Global Trade

Construction spending falling again was the big news in today’s MetalCrawler report. The race for world’s largest steelmaker by market value heated up, too.

Construction Spending Falls

Outlays for US construction projects fell 0.6% in March to a seasonally adjusted annual rate of $967 billion, the Commerce Department reported Friday.

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Economists polled by MarketWatch expected a drop of 0.5%, compared with an originally reported decrease of 0.1% in February. On Friday, the government revised February’s result to show almost no change. Looking at private outlays in March, spending fell 1.6% for residential projects, and rose 1% for nonresidential projects. For overall public construction projects, spending fell 1.5%.

Baosteel Keeps Growing

Baoshan Iron & Steel Co., spurred by China’s stock-market rally and growing car market, is poised to overtake Japan’s Nippon Steel & Sumitomo Metal Corp. as the world’s largest steelmaker by market value.

Baosteel, supplier of half of China’s automotive steel, had a market capitalization of $23.8 billion to Nippon Steel’s $25 billion on Thursday. The spread on Tuesday was only $52 million. Also tracked in the attached chart is South Korea’s Posco, which wrestled with the Japanese steelmaker for the crown from 2013 until last year.

Shares of Shanghai-based Baosteel more than doubled in local-currency terms since Oct. 30 as the benchmark Shanghai Composite Index rallied 86% Nippon Steel’s stock rose 14% and Posco fell 18% in the same period.

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We have a problem, by we I don’t mean we in the metals markets specifically, nor we in the US or UK, nor even we in the western world.

Why Manufacturers Need to Ditch Purchase Price Variance

I mean we all have a problem: too much debt.

The International Debt Pile

“Whoa!” you say. Hold on, wasn’t the last financial crisis all about too much debt? Haven’t we learned our lessons – corporations are awash with cash, dividends and share buy-backs are at record highs, austerity measures are curbing government spending around the world, household debt — after years of recession — are under control again, what are you talking about?

Quantitative Easing (QE), started in the US by the Federal Reserve, was taken up by the Bank of England, followed by the Bank of Japan, the latest is the European Central Bank at €60 billion-a-month and even the Bank of China is talking about some form of unconventional monetary support, which we can read as QE to support flagging growth.

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While India leads the world in Direct-Reduced Iron production, the domestic industry has been facing an uphill production battle for the last four years.

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India’s DRI sector is hoping for help from the government and clarity in the overall steel policy to see it through, what many have dubbed, its most critical phase ever.

Demand DRIs Up

What is worrisome is that the falling demand for steel, especially construction steel globally, could further, negatively impact the sector. Some are quick to note that India’s DRI units need not worry much on this front as the market in India has remained insulated from global trends owing to steadily increasing domestic steel consumption.

Two other risks facing the sector are imported scrap being used by steel companies in India, DRI is an excellent substitute for scrap in electric arc furnaces, and the reliance by medium-sized DRI producers on inferior technology. That means technological limitations stop the producers from exploiting inferior grades of iron ore and coal.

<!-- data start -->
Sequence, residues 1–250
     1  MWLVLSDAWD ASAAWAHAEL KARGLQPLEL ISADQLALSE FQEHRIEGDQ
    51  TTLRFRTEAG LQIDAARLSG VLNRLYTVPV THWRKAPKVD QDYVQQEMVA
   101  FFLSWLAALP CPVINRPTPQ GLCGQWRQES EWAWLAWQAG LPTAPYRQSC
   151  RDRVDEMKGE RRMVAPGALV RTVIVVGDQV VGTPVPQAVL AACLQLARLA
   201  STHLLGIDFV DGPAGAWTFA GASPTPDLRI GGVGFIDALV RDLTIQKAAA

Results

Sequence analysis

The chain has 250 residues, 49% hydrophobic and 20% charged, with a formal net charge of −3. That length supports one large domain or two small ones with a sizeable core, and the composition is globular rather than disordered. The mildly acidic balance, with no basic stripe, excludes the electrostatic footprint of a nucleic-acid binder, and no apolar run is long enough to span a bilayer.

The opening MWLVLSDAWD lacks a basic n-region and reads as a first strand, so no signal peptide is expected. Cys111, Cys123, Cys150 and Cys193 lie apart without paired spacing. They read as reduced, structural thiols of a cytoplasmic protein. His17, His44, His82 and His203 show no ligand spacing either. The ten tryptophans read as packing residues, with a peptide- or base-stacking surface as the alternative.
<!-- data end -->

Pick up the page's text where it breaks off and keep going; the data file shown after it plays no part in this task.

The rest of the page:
Further, the limited availability of coking coal only motivates steel production in the country through a combination of DRI and blast furnace. What has added to the misery is the recent round of coal auctions held by the federal government.

Unable to Bid in Coal Auction

DRI companies were unable to participate in the auction, and a hitherto discounted source of fuel was lost, pushing the cost of DRI production by an estimated 40%, some have said. The DRI segment has brought this to the government’s attention.

While many steel companies prefer to use DRI instead of scrap, the slowdown in the global steel industry has seen some amount of the steel melting scrap being imported into India because of lower import duties. What makes steel plants happy in such cases, besides the cheap duty, is the fact that the imported scrap percentage works out to be higher, which eventually negates the cost of imported scrap.

To many analysts, the DRI sector in India is poised on the cusp of a turnaround, but only if there is adequate government backing as well as support from domestic steel companies. Even then, it could easily take four years for the industry to come back to an even keel and ramp up production.

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When domestic markets weaken, most producers turn to export markets to sell excess capacity, but you don’t just break into export markets overnight. It’s not that easy. Sort of like one does not simply walk into Mordor.

Why Manufacturers Need to Ditch Purchase Price Variance

The tried and trusted short-term approach is to sell cheap, making it hard for buyers to refuse the low-priced product being offered.

Sell Low, Buy Even Lower

If those mills are supported by plunging raw material costs and extensive local state support gifting them a break-even price around the lowest in the world, then the intent to simply “dump” metal into export markets has few barriers.

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Why Manufacturers Need to Ditch Purchase Price Variance

High costs and lower demand are just two of the problems plaguing India’s DRI sector. DRI is used by the steel industry in flat as well as long steel product segments, and is also used in infrastructure projects.

Low Steel Demand Hits DRI Producers, Too

According to figures put out by the World Steel Association, in the first quarter of 2015, India, with over 4,500 tons of DRI, headed the list of 14 nations that accounted for 87 % of the world’s total DRI production. The Sponge Iron Manufacturers Association has estimated India to have an installed capacity of 37 million metric tons, although it’s difficult to arrive at an accurate figure due to a general lack of proper research.